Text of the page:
In those same years, Britain sought to become a scientifically-driven society. The study of science was vigorously promoted by national leaders, and the social sciences were given full rein in the development of British culture. The result has been a decidedly secular transformation of British society, not unlike the transformation of France and other European states. Yes, the Queen is still the head of the Church of England, and senior church roles are still appointed by today’s British government, but these roles are increasingly seen as anachronistic. Indeed, many of the “new” British are more religious than those amongst whom they have settled.
So, how could anyone maintain a sense of impartiality in such a diverse, multicultural society as is now the United Kingdom?
The problem the United Kingdom faces today is that it has no foundation on which to create a cohesive vision for its increasingly complex society.
Where can we look for that foundation? In the Jerusalem of his time, the prophet Jeremiah delivered a prophecy that still holds true today. He explained that human beings do not have knowledge of how to direct their own ways (Jeremiah 10:23). They need an external understanding to put things into perspective, to provide a sense of purpose to their existence. Science and technology may create a vibrant economy and represent the intellectual prowess of a society, but they neither provide nor reveal the reason for its existence. One of the sagest British minds of the last several decades, the late Rabbi Lord Jonathan Sacks—Britain’s chief rabbi from 1991 to 2013—gave the keynote address at a conference devoted to religion and media in 2019, in which he noted:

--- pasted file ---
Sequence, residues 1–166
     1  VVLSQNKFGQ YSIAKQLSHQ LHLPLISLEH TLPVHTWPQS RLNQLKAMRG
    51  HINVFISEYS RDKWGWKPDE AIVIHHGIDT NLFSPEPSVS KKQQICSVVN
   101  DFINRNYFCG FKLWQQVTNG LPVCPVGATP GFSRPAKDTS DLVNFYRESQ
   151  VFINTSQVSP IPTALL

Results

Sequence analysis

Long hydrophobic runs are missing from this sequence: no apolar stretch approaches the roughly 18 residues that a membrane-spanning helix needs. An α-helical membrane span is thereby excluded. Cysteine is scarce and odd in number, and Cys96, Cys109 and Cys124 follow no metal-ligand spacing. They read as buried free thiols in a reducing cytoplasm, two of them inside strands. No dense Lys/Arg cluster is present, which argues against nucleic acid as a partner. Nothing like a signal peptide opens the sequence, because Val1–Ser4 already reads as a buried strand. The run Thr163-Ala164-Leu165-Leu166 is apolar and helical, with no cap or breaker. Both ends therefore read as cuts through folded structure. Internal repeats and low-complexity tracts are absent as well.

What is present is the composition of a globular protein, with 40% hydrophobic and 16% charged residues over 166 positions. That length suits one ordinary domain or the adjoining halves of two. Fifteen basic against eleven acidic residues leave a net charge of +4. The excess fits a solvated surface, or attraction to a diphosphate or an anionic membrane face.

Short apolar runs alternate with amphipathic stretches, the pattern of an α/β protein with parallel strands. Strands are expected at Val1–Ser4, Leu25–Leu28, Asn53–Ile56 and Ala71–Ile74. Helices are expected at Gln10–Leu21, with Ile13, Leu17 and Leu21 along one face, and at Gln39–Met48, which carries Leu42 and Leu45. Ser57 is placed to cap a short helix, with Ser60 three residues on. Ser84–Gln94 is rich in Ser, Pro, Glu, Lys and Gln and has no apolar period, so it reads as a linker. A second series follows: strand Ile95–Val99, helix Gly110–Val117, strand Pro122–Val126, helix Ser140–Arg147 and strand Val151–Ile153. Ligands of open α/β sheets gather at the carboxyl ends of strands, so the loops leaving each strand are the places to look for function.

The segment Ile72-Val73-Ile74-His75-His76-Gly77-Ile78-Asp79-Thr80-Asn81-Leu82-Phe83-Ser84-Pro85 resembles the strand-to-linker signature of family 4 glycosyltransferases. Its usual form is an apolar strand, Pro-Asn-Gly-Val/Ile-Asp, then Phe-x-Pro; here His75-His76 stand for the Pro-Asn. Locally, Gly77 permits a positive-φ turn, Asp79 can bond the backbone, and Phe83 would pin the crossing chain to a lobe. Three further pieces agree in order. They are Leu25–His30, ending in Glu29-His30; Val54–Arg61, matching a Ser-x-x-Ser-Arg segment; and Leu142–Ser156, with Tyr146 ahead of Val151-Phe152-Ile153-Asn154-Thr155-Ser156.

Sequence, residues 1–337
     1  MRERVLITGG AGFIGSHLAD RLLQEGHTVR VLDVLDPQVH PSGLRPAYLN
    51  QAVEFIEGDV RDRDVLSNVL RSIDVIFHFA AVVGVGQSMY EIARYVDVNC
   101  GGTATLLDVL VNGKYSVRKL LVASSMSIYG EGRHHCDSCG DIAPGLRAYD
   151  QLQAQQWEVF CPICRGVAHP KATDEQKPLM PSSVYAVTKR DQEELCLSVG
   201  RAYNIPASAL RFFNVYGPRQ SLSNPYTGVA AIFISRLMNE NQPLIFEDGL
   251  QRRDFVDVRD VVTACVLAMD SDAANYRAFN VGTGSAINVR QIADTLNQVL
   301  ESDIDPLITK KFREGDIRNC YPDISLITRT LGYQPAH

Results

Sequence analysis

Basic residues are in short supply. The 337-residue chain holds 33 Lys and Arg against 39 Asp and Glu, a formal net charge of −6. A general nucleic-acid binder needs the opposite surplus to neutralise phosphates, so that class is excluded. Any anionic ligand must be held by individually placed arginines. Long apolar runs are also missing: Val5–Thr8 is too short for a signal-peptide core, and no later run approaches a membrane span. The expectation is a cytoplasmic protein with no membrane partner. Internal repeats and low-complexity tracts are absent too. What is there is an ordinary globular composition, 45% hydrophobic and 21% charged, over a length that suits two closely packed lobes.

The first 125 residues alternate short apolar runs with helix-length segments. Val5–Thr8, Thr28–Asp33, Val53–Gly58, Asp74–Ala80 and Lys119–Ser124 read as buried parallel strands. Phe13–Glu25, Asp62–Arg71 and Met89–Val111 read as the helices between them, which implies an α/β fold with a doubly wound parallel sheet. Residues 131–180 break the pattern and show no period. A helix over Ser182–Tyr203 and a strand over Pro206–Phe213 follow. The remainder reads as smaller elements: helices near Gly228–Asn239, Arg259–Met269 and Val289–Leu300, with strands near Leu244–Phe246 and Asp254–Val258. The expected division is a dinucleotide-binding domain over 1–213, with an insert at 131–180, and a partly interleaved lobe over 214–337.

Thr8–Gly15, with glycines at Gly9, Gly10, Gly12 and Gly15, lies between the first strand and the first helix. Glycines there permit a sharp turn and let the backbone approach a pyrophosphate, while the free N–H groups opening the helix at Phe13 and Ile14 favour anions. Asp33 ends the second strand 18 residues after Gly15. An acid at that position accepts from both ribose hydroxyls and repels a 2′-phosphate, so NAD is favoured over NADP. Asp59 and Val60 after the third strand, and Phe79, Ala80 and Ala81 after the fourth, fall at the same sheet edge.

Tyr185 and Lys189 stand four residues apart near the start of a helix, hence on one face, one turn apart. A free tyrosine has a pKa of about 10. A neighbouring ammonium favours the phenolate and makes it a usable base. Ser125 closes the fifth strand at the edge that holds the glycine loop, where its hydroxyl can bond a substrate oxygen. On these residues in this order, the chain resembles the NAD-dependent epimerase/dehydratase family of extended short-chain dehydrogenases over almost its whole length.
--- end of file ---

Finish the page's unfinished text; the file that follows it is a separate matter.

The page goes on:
Science tells us how. It doesn’t tell us why. Technology gives us power, but it doesn’t tell us how to use that power. The market economy and the liberal democratic state give us choices, but often no advice as to which choices to make (“Keynote remarks at the Religion and Media Conference,” RabbiSacks.org, April 30, 2019).
Sacks understood that religion is essential to answering those questions. He echoed the wisdom of King Solomon, who noted in his proverbs that we should not lean on our own understanding or be wise in our own eyes. Rather, Solomon taught the need for human beings to accept the place of God in their lives and seek to do what He wants us to accomplish. Doing so brings spiritual and psychological health to the individual—and, by extension, to society (Proverbs 3:5–8).
Impartiality, in and of itself, is an empty pursuit. To be meaningful, the goal of impartiality requires a shared societal ideal. It requires a foundation of answers that, as Sacks said, science cannot provide. It requires a real religion with real answers—not any of the secular substitutes we have adopted so freely in the Western world. We as a society have rejected the place of God in our lives to our own hurt.
Jeremiah’s warning is also for each of us. He laments that we have forgotten our God and have followed false idols—a truism of the current British society, which seeks to define itself by science instead of a relationship with God. The final, lamentable outcome of such forgetfulness, described by Jeremiah, is national nihilism and subjugation to others (Jeremiah 18:15–17).